Factbox-Germany’s election in polls, facts and figures

Editorial Staff



A woman casts her vote in the general elections, in Berlin, Germany, September 26, 2021. REUTERS/Fabrizio Bensch

Germany’s election produced a narrow win for the Social Democrats over Angela Merkel’s conservatives, projections show, but exit polls conducted for broadcasters on Sunday suggested voters had relatively clear ideas about the outcome they wanted to see.


An Infratest dimap poll for ARD showed 38% wanted the SPD to lead the next government, compared to 28% rooting for the conservatives, and more than half wanted the liberal Free Democrats and Greens to be part of it.

The SPD’s Olaf Scholz was preferred Chancellor candidate for 45% of voters, while the conservatives’ Armin Laschet was preferred by 20%.

While the Greens’ Annalena Baerbock was the favourite of just 14%, 20% thought her party had “the best answers to the questions of the future”, compared to 18% for the SPD and 14% for the conservatives.


Worryingly for whoever succeeds in building a coalition, 60% of those polled by Forschungsgruppe Wahlen in their exit poll for broadcaster ZDF thought nobody would succeed in filling the gap left by Angela Merkel when she leaves after 16 years in office.


The same poll showed a sharp generational divide, with younger people leaning more towards the Greens and the pro-business liberals, and the over-65s – a large section of one of the world’s oldest societies – leaning towards the SPD and the conservatives.


ZDF estimates the Bundestag will have 740 members – up from 709 in the last parliament. A side-effect of Germany’s complicated electoral system https://www.reuters.com/world/europe/making-elephants-dance-guide-germanys-electoral-system-2021-09-23 is that parliament can vary wildly in size. If the Linke, hovering on the 5% threshold, fail to get in, parliament could end up being smaller.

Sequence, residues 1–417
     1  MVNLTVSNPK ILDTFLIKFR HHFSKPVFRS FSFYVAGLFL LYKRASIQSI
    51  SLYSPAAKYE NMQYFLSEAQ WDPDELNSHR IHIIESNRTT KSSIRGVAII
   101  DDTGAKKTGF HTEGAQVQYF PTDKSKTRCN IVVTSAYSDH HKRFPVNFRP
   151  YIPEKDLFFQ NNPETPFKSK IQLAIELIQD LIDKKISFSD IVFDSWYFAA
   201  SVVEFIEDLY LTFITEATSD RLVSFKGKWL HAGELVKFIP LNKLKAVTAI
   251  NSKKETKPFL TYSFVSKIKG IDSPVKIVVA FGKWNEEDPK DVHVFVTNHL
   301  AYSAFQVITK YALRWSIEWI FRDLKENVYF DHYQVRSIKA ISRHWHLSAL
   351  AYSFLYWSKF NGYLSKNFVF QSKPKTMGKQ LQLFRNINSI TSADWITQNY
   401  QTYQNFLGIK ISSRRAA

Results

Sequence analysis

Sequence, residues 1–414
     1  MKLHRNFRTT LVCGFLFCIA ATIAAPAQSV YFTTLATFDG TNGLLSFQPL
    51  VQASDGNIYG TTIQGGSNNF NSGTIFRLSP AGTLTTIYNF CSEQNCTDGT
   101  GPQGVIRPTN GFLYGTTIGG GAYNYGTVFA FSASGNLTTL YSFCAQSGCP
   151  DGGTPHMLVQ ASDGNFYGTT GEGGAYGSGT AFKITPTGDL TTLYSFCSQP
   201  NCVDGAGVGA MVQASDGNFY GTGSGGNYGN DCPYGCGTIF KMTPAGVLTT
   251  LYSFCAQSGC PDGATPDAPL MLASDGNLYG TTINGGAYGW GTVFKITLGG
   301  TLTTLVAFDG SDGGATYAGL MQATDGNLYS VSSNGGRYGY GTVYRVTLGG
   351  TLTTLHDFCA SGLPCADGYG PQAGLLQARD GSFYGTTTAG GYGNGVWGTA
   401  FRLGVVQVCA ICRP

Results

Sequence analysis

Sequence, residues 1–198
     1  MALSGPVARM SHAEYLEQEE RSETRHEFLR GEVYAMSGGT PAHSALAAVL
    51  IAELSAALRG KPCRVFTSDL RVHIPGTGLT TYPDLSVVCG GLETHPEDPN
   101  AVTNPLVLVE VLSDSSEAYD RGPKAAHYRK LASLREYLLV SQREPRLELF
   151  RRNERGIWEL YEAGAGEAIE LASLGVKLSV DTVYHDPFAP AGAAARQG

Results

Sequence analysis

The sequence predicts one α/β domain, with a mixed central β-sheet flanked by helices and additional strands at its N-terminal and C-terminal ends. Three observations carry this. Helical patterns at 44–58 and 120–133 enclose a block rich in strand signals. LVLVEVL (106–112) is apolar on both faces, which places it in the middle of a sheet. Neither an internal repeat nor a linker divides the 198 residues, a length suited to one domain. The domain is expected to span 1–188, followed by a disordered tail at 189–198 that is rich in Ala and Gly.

The Greens failed to live up to their performance at the start of the campaign, when they vied with the conservatives to top polls. But they have given the SPD a close run in its longtime stronghold, Berlin: polls suggested they are running the SPD a close second in the city state.


In South Thuringia, a controversial hard-right former domestic spying chief https://www.reuters.com/world/europe/blunt-outsider-heart-conservative-germanys-election-dilemma-2021-08-27 appears to have failed to win a seat as a conservative. Polls suggest Hans-Georg Maassen, who was forced to step down as Germany’s chief Nazi hunter, is running behind local hero Frank Ullrich, a former East German ski champion, who is the SPD’s candidate.


The SPD’s Scholz and the Greens’ Baerbock were running head to head in an electoral district in Potsdam, a baroque city just outside Berlin. There, Scholz has soundly beaten Baerbock, winning 34% of the votes to her 19%. Both will sit in parliament regardless, but the defeat underscores Baerbock’s failure to capitalize on her early advantage.

But Armin Laschet is behind in his own state: in North Rhine-Westphalia, the Netherlands-sized western state of which he is premier, the conservatives are running three percentage points behind the SPD, according to exit polls.

With Merkel stepping down, her own seat, in the windswept Baltic Sea state of Mecklenburg-Vorpommern, was up for grabs. She had held it since it was created in 1990. This time it looks set to swing to the SPD.